The offer of settlement is an integral part of any Florida civil claim. An offer of settlement is a way to force the other side to formally accept or reject a settlement. It’s an effective way to enforce serious consideration of a settlement offer. Our Miami personal injury attorneys explain offers of judgment in Florida.
What Is an Offer of Judgment?
An offer of judgment is a formal proposal to resolve a civil claim. One party makes the offer to the other as a proposal to formally settle the case. The offer is legally binding if the other side accepts it. If a party refuses an offer of judgment, and they receive a considerably worse outcome at trial, the party may owe the offering party reasonable attorney fees.
Florida Law 768.79 – Florida Offers of Judgment in a Negligence Action
Florida law 768.79 covers offers of judgment in negligence civil actions in the State of Florida. The law says that either party may make an offer of judgment and demand for settlement.
An offer of judgment is a formal, written proposal made from one party to the other. The offer states the terms at which the party making the offer is willing to resolve the case. The other side has 30 days to accept the offer, or it is considered rejected.
Offers of Judgment in Florida Personal Injury Cases
Offers of judgment in Florida personal injury cases are a way of resolving a Florida civil claim. Either side may formally approach the other party, in writing, and state that they are willing to resolve the case on specified terms. The other side has 30 days to accept the proposal. If the parties agree to an offer of judgment, they give up their trial rights, and the case ends on the terms that they agree to.
Attorney Fees in a Florida Offer of Judgment
If the other party does not accept the offer of judgment within 30 days, the party who rejects the offer may be ordered to pay attorney fees to the party who makes the offer. Whether or not attorney fees are awarded depends on how the parties fare at trial compared to what the offer was. If the plaintiff files the offer, and the defendant rejects it, attorney fees apply if the plaintiff wins 25% more than they initially offered to the defendant. On the other hand, if the defendant files the offer, and the plaintiff rejects it, and the award is 25% or better from the defendant’s perspective, it might be the plaintiff who owes the defendant attorney fees.
If the defendant wins attorney fees from an offer of judgment, the amount of the fees is offset by the amount that the plaintiff wins. In other words, the amount of the attorney fees gets subtracted from what the jury awards the plaintiff at trial. Sometimes, the plaintiff may end up owing the defendant money when all is said and done.
How to File a Florida Offer of Judgment
To file a Florida offer of judgment, a litigant must:
- State the offer of judgment in writing. Oral offers of settlement are not enforceable.
- Identify that the offer is being made pursuant to Florida Statute 768.79.
- Name the party making the offer and name the party that it is made to. In other words, identify that offer is from the plaintiff to the defendant or from the defendant to the plaintiff.
- State the total amount of the offer, including identifying if there is compensation for punitive damages.
- Identify the claims that are to be resolved in the offer of judgment.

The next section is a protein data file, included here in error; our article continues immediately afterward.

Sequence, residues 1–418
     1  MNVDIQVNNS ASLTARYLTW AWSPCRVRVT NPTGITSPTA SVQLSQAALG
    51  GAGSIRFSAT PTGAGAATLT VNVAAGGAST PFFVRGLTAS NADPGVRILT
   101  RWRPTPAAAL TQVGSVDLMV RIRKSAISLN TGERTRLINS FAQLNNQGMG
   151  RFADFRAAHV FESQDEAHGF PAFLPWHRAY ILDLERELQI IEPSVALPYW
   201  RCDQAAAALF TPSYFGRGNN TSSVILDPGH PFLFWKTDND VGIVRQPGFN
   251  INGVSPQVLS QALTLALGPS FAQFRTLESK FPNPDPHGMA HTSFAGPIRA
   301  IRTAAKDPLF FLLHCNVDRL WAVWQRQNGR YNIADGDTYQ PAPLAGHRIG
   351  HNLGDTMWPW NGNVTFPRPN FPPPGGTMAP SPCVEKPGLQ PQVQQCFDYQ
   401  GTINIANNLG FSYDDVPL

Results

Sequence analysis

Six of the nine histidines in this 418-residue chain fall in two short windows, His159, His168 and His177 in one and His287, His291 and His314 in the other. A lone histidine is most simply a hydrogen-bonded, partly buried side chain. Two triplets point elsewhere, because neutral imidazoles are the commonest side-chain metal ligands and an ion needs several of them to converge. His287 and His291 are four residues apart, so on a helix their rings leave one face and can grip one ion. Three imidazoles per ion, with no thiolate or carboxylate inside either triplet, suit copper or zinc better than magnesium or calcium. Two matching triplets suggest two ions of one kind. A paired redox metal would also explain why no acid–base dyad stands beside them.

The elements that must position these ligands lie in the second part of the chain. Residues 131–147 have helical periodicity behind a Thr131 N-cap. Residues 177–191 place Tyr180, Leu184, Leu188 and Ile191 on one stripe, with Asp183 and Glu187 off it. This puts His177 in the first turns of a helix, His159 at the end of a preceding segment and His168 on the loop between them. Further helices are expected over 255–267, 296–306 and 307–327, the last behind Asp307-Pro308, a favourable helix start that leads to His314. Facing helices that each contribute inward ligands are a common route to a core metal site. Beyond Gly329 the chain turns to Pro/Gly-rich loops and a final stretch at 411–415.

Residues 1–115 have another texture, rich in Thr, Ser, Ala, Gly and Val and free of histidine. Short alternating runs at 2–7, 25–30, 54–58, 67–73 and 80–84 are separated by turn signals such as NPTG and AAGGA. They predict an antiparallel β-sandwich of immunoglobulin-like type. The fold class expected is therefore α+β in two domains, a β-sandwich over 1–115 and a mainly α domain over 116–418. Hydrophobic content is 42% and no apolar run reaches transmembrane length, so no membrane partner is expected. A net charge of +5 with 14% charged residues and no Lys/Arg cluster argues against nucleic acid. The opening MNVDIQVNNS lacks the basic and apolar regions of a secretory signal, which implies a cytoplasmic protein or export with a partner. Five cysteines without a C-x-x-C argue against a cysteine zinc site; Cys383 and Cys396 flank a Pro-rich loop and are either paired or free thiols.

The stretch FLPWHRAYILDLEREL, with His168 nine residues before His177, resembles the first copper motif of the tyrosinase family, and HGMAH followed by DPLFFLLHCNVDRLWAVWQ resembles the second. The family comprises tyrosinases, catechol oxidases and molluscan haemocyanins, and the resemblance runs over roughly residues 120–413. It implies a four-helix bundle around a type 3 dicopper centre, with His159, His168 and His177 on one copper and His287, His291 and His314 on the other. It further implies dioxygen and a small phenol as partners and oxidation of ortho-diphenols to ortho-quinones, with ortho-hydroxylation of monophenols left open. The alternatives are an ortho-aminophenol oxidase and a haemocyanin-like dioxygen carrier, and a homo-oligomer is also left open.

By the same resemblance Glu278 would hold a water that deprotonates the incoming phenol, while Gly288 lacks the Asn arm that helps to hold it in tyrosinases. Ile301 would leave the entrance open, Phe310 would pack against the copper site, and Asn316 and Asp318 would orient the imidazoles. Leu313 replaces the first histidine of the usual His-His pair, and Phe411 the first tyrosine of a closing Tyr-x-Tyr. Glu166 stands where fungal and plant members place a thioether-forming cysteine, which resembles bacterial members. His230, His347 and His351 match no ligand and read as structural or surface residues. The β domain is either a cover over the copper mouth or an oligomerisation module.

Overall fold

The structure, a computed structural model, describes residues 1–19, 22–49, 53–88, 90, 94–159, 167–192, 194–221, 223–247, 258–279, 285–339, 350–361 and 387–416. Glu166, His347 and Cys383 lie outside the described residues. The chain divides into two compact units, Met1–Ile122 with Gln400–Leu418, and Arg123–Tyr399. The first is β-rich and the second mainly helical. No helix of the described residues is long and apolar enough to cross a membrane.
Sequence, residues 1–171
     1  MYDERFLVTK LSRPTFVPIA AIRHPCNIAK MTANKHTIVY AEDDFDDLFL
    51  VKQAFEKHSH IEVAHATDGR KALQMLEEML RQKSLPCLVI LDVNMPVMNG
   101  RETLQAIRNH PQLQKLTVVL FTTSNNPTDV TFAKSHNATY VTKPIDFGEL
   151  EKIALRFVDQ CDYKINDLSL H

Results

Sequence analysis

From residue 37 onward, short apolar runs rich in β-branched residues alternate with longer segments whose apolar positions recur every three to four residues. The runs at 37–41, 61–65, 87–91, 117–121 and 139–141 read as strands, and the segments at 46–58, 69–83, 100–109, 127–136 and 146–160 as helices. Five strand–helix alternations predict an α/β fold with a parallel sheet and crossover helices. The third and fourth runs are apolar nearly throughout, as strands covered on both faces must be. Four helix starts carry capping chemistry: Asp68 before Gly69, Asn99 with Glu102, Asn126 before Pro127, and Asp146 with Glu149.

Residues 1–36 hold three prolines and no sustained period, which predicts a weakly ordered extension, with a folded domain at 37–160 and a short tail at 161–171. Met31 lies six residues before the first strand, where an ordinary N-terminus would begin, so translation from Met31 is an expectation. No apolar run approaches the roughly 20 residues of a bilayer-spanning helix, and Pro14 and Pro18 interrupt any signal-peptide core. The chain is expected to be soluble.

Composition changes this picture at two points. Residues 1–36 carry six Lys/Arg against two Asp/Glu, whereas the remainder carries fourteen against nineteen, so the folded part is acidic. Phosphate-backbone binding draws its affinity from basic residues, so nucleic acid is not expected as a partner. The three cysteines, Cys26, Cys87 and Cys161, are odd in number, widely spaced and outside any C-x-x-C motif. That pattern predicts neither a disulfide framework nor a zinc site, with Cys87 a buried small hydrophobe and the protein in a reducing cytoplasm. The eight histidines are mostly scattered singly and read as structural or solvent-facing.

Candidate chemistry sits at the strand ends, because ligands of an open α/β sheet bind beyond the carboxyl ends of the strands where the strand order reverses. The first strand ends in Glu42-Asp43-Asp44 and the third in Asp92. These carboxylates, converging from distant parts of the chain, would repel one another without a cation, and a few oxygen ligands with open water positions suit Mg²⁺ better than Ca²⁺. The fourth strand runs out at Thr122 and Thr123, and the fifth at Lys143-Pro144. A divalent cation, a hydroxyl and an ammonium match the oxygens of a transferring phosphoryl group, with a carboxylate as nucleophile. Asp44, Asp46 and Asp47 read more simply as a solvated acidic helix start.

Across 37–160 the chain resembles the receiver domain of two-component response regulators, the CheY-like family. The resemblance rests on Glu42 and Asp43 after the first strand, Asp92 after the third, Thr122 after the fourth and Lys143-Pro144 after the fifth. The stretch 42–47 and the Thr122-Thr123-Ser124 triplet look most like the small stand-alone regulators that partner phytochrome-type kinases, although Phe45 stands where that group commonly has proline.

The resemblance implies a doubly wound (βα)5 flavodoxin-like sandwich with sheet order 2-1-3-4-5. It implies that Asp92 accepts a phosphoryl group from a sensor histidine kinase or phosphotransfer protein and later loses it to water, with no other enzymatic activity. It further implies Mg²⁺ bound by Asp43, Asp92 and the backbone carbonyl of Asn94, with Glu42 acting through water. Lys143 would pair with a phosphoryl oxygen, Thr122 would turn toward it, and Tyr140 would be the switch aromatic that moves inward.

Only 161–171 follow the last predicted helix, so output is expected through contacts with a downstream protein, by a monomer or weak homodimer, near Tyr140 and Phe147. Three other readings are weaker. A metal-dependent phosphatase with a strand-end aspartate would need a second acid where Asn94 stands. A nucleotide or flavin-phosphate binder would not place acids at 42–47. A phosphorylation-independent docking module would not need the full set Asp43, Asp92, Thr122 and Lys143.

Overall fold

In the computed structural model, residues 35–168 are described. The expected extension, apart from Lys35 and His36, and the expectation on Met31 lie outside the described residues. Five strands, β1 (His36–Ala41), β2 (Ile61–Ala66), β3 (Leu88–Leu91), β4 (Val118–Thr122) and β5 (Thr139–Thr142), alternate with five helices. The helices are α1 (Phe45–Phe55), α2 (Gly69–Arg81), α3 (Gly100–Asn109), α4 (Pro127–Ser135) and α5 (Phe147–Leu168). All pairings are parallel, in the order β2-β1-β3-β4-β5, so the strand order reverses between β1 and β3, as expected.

- Serve the offer on the other party. It’s not necessary to file the offer of judgment with the court unless the other party accepts it, or you need to enforce it to get attorney fees.
Under Florida law, it’s presumed that an offer for settlement includes all damages.
Can a Party Withdraw an Offer of Judgment in Florida?
Yes, a party can withdraw an offer of judgment in Florida. Even before the 30 days to accept expires, the party that makes the offer can withdraw it. The party making the offer must withdraw it before the other party files its acceptance of the offer.
What Happens If an Offer of Judgment Is Vague?
When an offer of judgment is unclear, the court may or may not still accept it. Under Saenz v. Campos, an offer is void if it is too vague. However, there’s some gray area within the law about what makes an offer vague. Time limits set in Florida law and the Florida Rules of Civil Procedure are strictly enforced.
Florida Rules of Civil Procedure for Offers of Judgment – Rule 1.442
In addition to the requirements of Florida Statute 768.79, Florida Rules of Civil Procedure 1.442 also creates rules regarding offers of judgment in Florida personal injury litigation. Litigants must be sure to comply with both the law and the court rule as they relate to offers of judgment in their case.
Florida Rules of Civil Procedure 1.442 reiterates many of the same rules that are found in Florida law 768.79. Under rule 1.442, a defendant may make an offer no sooner than 90 days after the case begins. Similarly, the plaintiff may make an offer no sooner than 90 days after the service of process.
Florida Offers of Judgment as a Personal Injury Victim
As a personal injury victim, an offer of judgment can help you. An offer of judgment makes the other party come to the table, so to speak, to consider a settlement offer. It creates consequences if the defendant unreasonably refuses a settlement offer. Generally, offers of judgment can be a positive litigation tool for a plaintiff in a personal injury case. They must also be carefully addressed if you receive an offer from the defendant.
An experienced Miami injury attorney can help you comply with the law and use the offer of judgment procedure to your advantage. Call the experienced personal injury lawyers at Bernstein & Maryanoff to talk about your case.
 FLA. STAT. § 768.79 (2019)
 Saenz v. Campos, 967 So.2d 1114 (Fla. 4th D.C.App. 2007)